- If you’re married, both spouses must work. Both spouses must have earned income for the year to qualify for the child care tax credit.
- Some states have their own dependent care credits. You could receive an additional dependent care credit if your state offers one.
How much was the Child and Dependent Care Credit worth in previous years?
The child care tax credit was lower in previous years. In 2020, the credit was worth up to $3,000 for one dependent and $6,000 for two or more dependents.
Who qualifies for the Child and Dependent Care Credit?
You qualify for the child care tax credit as long as you:
- Aren’t filing separate returns if you’re married.
- File taxes using Form 1040 or 1040NR.
- Have earned income through an employer or self-employment.
- Care for a qualifying child or dependent.
- Pay dependent care expenses so you and your spouse can work or look for work.
- Make payments to a qualifying care provider who you can’t claim as a dependent.
- Can provide the name, address and tax identification number for the care provider on your tax return.
Who qualifies as a child or dependent?
The child or dependent must have lived with you for at least half of the tax year and meet one of the following eligibility requirements:
- A child age 13 or younger whom you can claim as your dependent
- A spouse or another dependent who is mentally or physically incapacitated
Who qualifies as a care provider?
Anyone can qualify as a care provider as long as they’re not:
- Your spouse.
- The parent of your qualifying dependent.
- Another dependent listed on your return.
- Any of your children under age 19, even if you’re not claiming them as your dependent.
How to calculate the Child and Dependent Care Credit
Follow these steps to calculate your child care tax credit.
- Add up all your qualifying dependent care expenses for the year.
- Calculate how much of your expenses you can claim based on your filing status and number of dependents.
- Calculate your adjusted gross income by subtracting 401(k) or IRA contributions and itemized deductions from your gross income.
- Take your adjusted gross income and use the chart above to determine what percentage of your expenses you can get credit for.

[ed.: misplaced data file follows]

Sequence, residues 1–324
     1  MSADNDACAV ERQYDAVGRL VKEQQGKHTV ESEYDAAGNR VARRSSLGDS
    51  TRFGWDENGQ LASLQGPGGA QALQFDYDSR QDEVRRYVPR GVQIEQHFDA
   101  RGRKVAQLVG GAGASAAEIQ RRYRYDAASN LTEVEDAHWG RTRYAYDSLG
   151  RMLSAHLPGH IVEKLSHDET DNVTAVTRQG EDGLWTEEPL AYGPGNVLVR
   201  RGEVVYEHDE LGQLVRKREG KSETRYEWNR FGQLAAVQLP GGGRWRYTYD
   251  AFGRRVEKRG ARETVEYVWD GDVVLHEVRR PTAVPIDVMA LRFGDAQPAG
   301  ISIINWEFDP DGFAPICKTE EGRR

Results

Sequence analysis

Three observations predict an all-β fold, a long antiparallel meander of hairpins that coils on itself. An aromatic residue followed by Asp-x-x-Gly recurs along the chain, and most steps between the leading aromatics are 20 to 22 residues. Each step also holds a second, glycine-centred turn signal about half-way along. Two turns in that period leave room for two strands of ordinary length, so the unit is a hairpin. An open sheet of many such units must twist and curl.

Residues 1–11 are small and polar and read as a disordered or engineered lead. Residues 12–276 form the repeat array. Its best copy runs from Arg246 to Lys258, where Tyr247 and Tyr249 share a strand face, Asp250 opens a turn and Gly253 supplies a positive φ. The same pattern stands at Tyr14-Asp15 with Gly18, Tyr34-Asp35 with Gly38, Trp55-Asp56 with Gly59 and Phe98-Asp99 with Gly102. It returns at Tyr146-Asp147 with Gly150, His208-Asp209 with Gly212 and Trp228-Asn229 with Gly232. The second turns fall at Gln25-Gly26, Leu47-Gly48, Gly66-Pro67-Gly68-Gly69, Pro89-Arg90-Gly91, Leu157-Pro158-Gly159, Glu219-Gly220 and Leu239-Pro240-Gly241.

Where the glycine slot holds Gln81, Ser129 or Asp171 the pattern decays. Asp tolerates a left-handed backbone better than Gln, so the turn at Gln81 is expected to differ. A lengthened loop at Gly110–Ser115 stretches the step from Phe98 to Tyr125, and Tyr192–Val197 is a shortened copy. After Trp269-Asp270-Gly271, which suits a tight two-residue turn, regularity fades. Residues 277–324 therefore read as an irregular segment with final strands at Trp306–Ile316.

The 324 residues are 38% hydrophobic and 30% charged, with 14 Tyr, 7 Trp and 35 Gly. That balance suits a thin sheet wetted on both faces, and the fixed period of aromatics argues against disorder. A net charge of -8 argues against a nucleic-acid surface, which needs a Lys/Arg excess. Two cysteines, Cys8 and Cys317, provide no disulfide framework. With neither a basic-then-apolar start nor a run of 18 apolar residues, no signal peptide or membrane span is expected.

- Multiply your eligible dependent care expenses in Step 2 by your percentage in Step 4 to get your child care tax credit amount.
Let’s look at an example.
Related tax credits or deductions
If you have children, you may also qualify for these credits:
- Earned Income Tax Credit. If your income is below $57,414, you could receive a credit worth up to $6,728.
- Child Tax Credit. If you have children under age 17, you could receive a credit worth up to $3,600 for each child.
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If you qualify for the Child and Dependent Care Credit, you could receive a credit worth up to $4,000 for one dependent or $8,000 for two or more. There are strict qualifications, but you shouldn’t let that stop you from claiming it if you qualify. Be sure to have your care provider’s taxpayer identification number on hand when you’re ready to file taxes.
If you’re looking to breeze through this tax season, consider hiring a professional or compare top-rated online services that can do most of the legwork for you.
Frequently asked questions
What happens if I claim the child care tax credit if I use a Dependent Care FSA?
Under most circumstances, you can’t claim the child care tax credit and use a Dependent Care FSA in the same year because both offer tax advantages. You’ll have to choose one or the other. If you’re unsure about what you should do, run the numbers or talk to a professional about which one makes the most sense for you.
What is my caregiver’s taxpayer identification number?
You’ll use your caregiver’s Social Security number or Employer Identification Number as their Taxpayer Identification Number.
How do I factor in summer camp as dependent care?
If you send your child to day camp, it qualifies as dependent care. But an overnight camp doesn’t qualify because the IRS doesn’t consider it a work-related expense.
Can I claim both the Child Tax Credit and the Child and Dependent Care Credit?
Yes. If you qualify for both credits, you can claim them in the same tax year.